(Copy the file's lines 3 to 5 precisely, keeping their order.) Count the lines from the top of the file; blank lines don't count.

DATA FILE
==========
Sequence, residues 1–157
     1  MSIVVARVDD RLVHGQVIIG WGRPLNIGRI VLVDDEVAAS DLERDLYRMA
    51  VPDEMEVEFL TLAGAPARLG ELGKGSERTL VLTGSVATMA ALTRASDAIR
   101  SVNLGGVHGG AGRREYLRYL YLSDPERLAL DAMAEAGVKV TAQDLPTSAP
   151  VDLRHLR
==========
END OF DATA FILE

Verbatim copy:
    51  VPDEMEVEFL TLAGAPARLG ELGKGSERTL VLTGSVATMA ALTRASDAIR
   101  SVNLGGVHGG AGRREYLRYL YLSDPERLAL DAMAEAGVKV TAQDLPTSAP
   151  VDLRHLR